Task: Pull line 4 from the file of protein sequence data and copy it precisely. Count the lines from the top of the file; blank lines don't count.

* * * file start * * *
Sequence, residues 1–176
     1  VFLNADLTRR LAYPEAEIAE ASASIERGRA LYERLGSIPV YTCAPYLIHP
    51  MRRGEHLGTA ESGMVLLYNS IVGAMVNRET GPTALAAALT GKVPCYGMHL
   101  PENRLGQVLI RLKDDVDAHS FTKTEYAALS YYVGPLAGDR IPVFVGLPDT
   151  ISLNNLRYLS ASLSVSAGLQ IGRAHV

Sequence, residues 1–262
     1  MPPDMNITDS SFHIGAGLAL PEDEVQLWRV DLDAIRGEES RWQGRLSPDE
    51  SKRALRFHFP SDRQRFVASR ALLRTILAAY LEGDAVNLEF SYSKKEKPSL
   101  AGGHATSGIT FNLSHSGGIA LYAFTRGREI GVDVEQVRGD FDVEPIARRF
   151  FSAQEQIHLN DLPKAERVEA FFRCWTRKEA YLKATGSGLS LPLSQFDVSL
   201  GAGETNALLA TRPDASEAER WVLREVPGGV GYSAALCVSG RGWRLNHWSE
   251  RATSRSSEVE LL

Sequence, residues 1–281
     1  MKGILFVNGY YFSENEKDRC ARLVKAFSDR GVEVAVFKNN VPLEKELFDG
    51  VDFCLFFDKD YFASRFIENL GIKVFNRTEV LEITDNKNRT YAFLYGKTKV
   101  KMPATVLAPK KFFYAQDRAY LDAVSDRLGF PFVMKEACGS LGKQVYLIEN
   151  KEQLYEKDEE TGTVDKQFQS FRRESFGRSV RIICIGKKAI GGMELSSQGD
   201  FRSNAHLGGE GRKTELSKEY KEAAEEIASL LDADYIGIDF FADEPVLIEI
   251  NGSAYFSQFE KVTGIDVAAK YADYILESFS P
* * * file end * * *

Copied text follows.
   101  PENRLGQVLI RLKDDVDAHS FTKTEYAALS YYVGPLAGDR IPVFVGLPDT